It’s hard for me to be anyone but me. People have told me to tone it done in certain social situations and while my head agrees and knows that there are norms that should be generally followed it’s hard for me to do that. I feel this real compulsion to be me, and to be true to my core. I don’t see anything wrong with that, especially since I am who you get on this blog – an imperfect person who is deeply committed to self-improvement and to doing my part for the greater good. A person who doesn’t make a ton of money, but gives often to charity. A person who freely tells his story so that perhaps someone somewhere can say – “oh, so it’s not just me!” when they are going through a tough time. Sure I may wear a studded belt to work and a way too big beard, but that’s just how I feel.

It’s the idea of me fiercely wanting to be me that got me to wondering why it has become so important to stay true to myself. I know in high school I was barely me. Who is? So I went back a little further and started to think about my dad. My dad was (and still is) all about appearances. Projecting the self-aggrandizing image of the perfect family through to the bitter end was his main focus. He wanted to be praised for his well behaved children, so he was strict to keep us in line. He would talk about how great we were but he almost never told his sons to their faces. To this day he talks of his five sons. There are four of us and a step brother that we have never met. It’s still all about the appearance even long after the death of his first marriage and the less than lustrous relationships my brothers and I have had with him since. Digging a little deeper I discovered that his father was the same way. Funny how cycles can work.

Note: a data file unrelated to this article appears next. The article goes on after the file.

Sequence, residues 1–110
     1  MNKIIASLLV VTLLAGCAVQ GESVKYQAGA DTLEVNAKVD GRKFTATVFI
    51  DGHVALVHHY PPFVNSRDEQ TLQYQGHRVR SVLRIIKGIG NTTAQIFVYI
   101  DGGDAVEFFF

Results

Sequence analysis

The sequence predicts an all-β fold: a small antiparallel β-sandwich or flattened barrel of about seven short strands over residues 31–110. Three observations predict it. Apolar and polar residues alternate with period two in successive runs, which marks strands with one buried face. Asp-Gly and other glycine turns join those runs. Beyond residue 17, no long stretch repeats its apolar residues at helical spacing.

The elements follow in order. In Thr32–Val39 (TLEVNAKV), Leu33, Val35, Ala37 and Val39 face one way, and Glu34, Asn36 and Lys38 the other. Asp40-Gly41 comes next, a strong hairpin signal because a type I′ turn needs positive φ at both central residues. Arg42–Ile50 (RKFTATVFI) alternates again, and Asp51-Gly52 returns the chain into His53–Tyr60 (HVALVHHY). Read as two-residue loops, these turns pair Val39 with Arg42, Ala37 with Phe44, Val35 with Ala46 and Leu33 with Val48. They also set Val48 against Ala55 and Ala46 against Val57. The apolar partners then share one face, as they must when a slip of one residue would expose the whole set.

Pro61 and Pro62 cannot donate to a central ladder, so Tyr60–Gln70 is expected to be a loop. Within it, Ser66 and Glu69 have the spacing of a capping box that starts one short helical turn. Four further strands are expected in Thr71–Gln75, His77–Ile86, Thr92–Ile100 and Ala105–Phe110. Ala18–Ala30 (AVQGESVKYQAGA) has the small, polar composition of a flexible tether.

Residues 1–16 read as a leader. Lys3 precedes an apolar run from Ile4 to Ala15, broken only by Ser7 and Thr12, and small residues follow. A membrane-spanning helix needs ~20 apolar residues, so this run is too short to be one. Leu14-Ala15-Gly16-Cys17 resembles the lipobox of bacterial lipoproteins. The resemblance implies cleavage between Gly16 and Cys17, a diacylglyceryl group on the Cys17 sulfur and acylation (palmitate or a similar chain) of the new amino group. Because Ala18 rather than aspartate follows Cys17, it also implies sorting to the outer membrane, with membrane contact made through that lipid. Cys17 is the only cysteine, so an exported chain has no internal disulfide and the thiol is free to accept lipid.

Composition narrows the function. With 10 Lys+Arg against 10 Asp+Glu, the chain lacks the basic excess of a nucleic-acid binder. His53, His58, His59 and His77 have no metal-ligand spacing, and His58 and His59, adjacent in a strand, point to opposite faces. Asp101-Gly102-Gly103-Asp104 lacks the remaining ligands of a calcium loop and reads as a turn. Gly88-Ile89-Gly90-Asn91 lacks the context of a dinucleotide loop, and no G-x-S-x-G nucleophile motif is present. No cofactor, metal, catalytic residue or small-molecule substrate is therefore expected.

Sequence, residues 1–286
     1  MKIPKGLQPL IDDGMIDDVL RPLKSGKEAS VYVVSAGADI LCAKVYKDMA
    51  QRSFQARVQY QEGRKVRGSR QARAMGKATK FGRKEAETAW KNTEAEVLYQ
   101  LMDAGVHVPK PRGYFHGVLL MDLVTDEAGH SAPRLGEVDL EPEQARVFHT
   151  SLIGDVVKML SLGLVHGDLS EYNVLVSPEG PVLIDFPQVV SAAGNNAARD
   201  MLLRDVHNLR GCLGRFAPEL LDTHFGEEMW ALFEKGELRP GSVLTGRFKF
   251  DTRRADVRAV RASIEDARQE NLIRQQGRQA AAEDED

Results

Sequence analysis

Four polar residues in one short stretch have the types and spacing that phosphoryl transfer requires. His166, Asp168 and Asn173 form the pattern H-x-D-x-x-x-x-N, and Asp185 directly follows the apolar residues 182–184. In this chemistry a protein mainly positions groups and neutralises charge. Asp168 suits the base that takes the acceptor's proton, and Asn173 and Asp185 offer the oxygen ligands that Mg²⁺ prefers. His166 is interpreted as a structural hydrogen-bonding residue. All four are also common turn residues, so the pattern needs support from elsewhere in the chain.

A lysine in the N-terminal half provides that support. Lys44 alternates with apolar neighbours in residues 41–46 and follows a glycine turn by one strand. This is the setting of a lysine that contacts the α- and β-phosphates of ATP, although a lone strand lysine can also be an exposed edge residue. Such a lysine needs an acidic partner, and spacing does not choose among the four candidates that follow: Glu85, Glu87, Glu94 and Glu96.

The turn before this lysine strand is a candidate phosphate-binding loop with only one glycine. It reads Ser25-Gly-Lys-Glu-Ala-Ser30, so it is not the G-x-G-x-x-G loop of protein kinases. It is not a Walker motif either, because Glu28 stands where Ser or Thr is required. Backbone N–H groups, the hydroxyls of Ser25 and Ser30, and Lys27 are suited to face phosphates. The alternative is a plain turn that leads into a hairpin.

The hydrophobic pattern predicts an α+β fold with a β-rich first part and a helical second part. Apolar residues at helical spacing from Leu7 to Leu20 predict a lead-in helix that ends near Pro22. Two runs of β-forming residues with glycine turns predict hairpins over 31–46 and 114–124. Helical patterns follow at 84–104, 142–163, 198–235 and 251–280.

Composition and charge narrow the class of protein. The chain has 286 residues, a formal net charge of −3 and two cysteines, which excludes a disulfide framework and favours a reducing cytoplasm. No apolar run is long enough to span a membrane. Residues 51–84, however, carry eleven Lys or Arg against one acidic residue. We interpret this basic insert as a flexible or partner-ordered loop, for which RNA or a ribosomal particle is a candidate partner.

There are obviously problems with maintaining phony appearances at all costs. Some people go broke doing it, buying cars and homes they can’t afford. Taking trips that break the bank. Owning purses that cost more than their rent. And so on. Some people even convincingly do all the things that real friends do, while secretly hating you. But sadly, and more to the point, what also happens is that families lose history. Grandpa doesn’t tell the stories of his youth for fear of it being discovered that he’s normal and has flaws and since he’s the grandfather he feels such things could undermine his paternal position. Grandma doesn’t explain her true Native American blood because so many family members passed away or drank too much on Reservations. Her shame becomes her silence. And the family is left wondering about, instead of knowing for certain, the family history. Always striving to hold on to the appearance of greatness or perfection is an absurd pursuit because it is our imperfections that make us interesting. I happen to like interesting people.

I’m not saying that you need to go out into the world and tell everyone your business. Even as open as I am I still keep some things sacred. Many things are just not for me or anyone else to tell. But if you have to be fake to your closest friends if your marriage is failing or if you find it hard to tell someone that you simply can’t afford to go to Europe which is why you go to Rehoboth Beach instead, you may want to think about why you can’t admit to, and therefore accept, your reality.

When it comes to my son I don’t want him to experience the pain of the pursuit of perfection. I just want him to be the best version of himself he can be. He has many quirks and opinions that I would love to shift a little. But who am I to tell him who he should be? I’m just dad – a dude here to guide him on his path and to give advice on how to get to where he wants to go, but ultimately the success of his journey will be his own (though I will share in some of the glory where appropriate!). My other job is to tell him the truth about his life, his origins and my own short-comings so that he can learn and not repeat my mistakes. If I don’t give him that then I will not have done my job. And if this title if this blog doesn’t indicate how seriously I take this role then I don’t know what does!